Rooted in nature and with more than two centuries of experience, our Kindred Spirit brand Yoshioka is authentic and heritage-led. We connected with the Japanese textile dyer, discovering the many similarities in our values and ethos as Johnstons of Elgin celebrated 150 years of trade with Japan.
Textile dyer Yoshioka (Somenotsukasa Yoshioka in Japanese) has been operating in Kyoto, an ancient capital city of Japan, for five generations. The team colour silk, hemp, cotton and other natural textiles with dyes harvested from flower petals, stalks, leaves, roots, tree bark and nuts. Yoshioka works closely with nature, following seasonal changes and tending to the health of plants and soil. The whole process is done by hand with pure water drawn from 100 meters below the ground.
Natural dyer and textile historian Sachio Yoshioka transitioned the family business from synthetics to natural dyes when he took the helm in 1988. When Sachio passed away in 2019, his daughter Sarasa stepped into his role and continued championing her father’s ideas. As part of our Kindred Spirits series, we chatted to Sarasa about business, style and her vision for the 200-year-old brand.
Johnstons of Elgin and Yoshioka are multi-generational family businesses with a history spanning more than two centuries. Are there any other similarities you can see between the brands?
Firstly, we are honoured to feature in your Kindred Spirits series. Somenotsukasa Yoshioka has been in business for over 200 years, and we only use natural plant dyes. We previously used European chemical dyes, but my grandfather and father wanted to return to the natural ones. This has happened bit by bit, and now we only use entirely natural dyes. Regarding other similarities, I believe we both value the materials we work with. We need to have mature knowledge to make the best of natural materials, and we need to have a strong passion for providing high-quality products worldwide.
Can you describe your role within Somenotsukasa Yoshioka?
I am an all-rounder, doing all kinds of work within the company (except sewing). I am involved in ordering dye materials, preparing yarns and fabrics, dyeing, occasionally weaving, selling the products, speaking at seminars, writing, accounting and managing schedules.
Our chairman Jenny Urquhart represents the fourth generation of her family at Johnstons of Elgin. What does running a sixth-generation family business mean to you?
I am the first woman to hold this position in the company. In Japan, it is traditional for a family business to be taken over by the eldest son. However, in our history, the third generation was taken over by the younger son because the eldest decided to be a painter. Then my grandfather was adopted to represent the fourth generation because there was no boy in the family. After my grandfather passed away, my father took the position. I think family business and its history are very interesting, and I feel like it was my destiny to take it on.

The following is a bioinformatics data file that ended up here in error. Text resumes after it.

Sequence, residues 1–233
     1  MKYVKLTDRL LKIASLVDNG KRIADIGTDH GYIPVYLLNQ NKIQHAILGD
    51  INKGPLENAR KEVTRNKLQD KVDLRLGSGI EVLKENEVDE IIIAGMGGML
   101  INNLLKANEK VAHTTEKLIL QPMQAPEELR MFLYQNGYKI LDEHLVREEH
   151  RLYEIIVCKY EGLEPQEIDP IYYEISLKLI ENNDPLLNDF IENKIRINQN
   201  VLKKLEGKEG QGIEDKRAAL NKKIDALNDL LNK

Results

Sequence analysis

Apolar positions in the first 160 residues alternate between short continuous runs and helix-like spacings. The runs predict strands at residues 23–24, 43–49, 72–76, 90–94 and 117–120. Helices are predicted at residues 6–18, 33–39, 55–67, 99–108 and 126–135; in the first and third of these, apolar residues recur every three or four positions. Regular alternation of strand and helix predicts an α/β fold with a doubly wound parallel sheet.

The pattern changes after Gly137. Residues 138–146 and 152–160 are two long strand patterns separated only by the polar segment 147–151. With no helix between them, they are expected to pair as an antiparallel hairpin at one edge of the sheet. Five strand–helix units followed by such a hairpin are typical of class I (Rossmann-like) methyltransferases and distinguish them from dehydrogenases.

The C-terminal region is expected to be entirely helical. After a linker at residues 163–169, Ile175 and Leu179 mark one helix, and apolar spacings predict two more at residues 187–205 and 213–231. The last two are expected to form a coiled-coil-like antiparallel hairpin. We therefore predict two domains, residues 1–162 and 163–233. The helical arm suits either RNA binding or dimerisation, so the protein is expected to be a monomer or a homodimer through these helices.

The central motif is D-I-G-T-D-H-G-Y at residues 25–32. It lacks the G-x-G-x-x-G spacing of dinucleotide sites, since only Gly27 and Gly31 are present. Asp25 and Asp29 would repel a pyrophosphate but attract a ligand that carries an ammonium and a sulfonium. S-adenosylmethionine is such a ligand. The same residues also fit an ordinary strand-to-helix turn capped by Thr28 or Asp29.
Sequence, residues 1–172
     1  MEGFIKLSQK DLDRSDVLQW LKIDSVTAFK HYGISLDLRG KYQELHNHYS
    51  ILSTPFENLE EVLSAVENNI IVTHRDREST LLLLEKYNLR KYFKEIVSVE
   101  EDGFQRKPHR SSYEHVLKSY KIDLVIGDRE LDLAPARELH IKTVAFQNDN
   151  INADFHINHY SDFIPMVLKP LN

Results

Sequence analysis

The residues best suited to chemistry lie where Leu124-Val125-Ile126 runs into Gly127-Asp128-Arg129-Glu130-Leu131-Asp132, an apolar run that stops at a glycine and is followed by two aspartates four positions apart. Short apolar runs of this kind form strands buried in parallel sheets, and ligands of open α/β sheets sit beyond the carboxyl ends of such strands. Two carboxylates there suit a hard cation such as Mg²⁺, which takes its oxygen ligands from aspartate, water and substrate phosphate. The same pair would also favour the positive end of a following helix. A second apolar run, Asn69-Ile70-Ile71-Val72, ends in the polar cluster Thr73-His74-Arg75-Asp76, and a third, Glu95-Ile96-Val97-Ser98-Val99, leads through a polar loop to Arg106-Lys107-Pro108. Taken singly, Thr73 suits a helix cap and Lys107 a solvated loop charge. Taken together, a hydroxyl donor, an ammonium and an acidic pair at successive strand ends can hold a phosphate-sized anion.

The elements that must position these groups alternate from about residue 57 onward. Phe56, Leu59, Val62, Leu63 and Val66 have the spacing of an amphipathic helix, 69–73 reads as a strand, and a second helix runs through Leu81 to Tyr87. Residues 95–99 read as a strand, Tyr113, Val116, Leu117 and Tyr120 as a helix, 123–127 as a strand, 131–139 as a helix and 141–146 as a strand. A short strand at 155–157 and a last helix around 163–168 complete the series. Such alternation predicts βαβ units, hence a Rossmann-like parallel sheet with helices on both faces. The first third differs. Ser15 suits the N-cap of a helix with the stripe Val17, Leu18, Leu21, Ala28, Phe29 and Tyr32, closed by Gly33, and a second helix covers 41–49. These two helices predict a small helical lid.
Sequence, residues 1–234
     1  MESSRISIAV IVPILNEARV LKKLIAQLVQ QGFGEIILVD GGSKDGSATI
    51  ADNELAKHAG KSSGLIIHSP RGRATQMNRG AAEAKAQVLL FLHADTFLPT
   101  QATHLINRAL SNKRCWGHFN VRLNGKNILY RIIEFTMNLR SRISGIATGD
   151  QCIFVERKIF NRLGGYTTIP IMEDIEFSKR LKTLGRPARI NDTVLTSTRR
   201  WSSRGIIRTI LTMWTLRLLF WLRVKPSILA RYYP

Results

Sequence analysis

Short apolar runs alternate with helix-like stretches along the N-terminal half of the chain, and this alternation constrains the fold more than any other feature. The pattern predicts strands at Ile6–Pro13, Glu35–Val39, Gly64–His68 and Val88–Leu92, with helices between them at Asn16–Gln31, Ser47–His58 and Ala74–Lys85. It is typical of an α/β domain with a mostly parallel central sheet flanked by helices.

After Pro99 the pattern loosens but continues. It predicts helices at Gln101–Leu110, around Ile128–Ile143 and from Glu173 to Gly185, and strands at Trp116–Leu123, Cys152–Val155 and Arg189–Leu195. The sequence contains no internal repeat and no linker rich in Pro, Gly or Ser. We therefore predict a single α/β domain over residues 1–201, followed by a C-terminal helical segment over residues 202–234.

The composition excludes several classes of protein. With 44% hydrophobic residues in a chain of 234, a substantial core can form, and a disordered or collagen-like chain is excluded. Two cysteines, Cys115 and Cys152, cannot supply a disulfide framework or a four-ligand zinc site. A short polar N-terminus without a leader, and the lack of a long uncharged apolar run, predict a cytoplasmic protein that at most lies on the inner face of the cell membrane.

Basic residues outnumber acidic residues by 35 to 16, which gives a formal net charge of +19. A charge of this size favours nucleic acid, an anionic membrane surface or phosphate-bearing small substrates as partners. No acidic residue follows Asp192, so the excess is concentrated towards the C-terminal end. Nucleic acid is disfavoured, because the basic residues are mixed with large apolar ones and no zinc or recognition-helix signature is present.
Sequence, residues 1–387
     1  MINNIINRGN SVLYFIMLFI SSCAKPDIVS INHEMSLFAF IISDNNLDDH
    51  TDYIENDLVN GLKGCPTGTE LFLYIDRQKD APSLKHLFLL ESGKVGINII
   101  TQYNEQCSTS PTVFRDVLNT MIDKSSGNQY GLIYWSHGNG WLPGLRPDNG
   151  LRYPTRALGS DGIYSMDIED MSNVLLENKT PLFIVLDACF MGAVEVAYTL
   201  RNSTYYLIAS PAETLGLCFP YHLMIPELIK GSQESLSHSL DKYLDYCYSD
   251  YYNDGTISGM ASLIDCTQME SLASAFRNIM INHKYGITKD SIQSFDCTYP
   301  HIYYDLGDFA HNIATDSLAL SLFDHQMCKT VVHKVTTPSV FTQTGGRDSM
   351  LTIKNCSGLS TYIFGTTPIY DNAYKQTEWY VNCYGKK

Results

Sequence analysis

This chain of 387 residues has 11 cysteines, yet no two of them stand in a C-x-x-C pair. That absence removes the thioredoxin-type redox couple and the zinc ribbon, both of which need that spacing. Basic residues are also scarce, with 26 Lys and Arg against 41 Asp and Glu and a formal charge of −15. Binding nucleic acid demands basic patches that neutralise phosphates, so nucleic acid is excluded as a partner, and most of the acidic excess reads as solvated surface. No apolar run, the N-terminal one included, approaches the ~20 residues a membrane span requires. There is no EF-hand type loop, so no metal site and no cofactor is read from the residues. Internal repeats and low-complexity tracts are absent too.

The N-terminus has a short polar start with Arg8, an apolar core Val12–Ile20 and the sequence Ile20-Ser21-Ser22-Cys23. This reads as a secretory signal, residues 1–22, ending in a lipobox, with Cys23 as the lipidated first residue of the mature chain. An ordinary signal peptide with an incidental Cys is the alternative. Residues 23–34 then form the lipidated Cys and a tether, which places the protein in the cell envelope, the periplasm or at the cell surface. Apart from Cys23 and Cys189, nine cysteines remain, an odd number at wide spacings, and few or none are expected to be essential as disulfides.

Johnstons of Elgin has strong links with our local community. What is the relationship between Somenotsukasa Yoshioka and the local community?
There are only 12 of us working in a small factory, but a lot of people partner with us in all the processes, from raw materials to products. Our dyes and materials come from different countries, and some of our fabrics are dyed in their country of origin - China and India. It’s essential to have good relationships with our partners. Those relationships allow us to keep making high-quality products. Building skills and relationships is like growing a plant; they are difficult to bring back to life if you lose them.
Can you describe your personal style?
Nowadays, it’s difficult to wear 100% naturally dyed products from head to toe because a lot of clothes are chemically dyed, but I always wear our clothing and accessories because they have been naturally dyed.
In your opinion, what makes a piece of clothing a classic?
The most important thing is the quality of the material and the skills used to create clothing. To help people understand the value of our products, it's very important to tell them the history behind our dyeing and weaving. Our brand tries not to be old-fashioned but familiar.
Which accessory could you not live without?
I couldn’t live without a stole.
What do you love most about Kyoto?
Kyoto is one of the oldest cities in Japan, but there is a lot of modern culture too. I like that it has a mixture of traditional and contemporary culture. For example, the city has temples and European buildings, but many people here prefer to eat bread rather than rice.
Your father wanted to reintroduce the bright colours of the Nara and Heian periods to the Yoshioka offering. What is your vision for this?
I would like to carry on my father’s plans and pass on his skills. The colour of plants is clear and beautiful. We have lost the sense of natural colour because there are so many chemical dyes these days, but I hope to reintroduce the bright colours of the Nara and Heian periods. I am involved in projects with universities, museums and the Sohoin Office (an organisation under the Imperial Household Agency that manages the treasures of temples) to reproduce historical colours.
At Johnstons of Elgin, we are concerned with responsible business standards and reducing our environmental footprint. In what ways does Somenotsukasa Yoshioka support these values?
We use only natural materials and produce dyes we can drain without polluting water and the earth - it is a very eco-friendly way to dye. Moreover, we can use by-products such as wood ash to feed new fields or give it to potters to glaze their work. We try to be mindful of the natural ecological cycle of things as much as possible.
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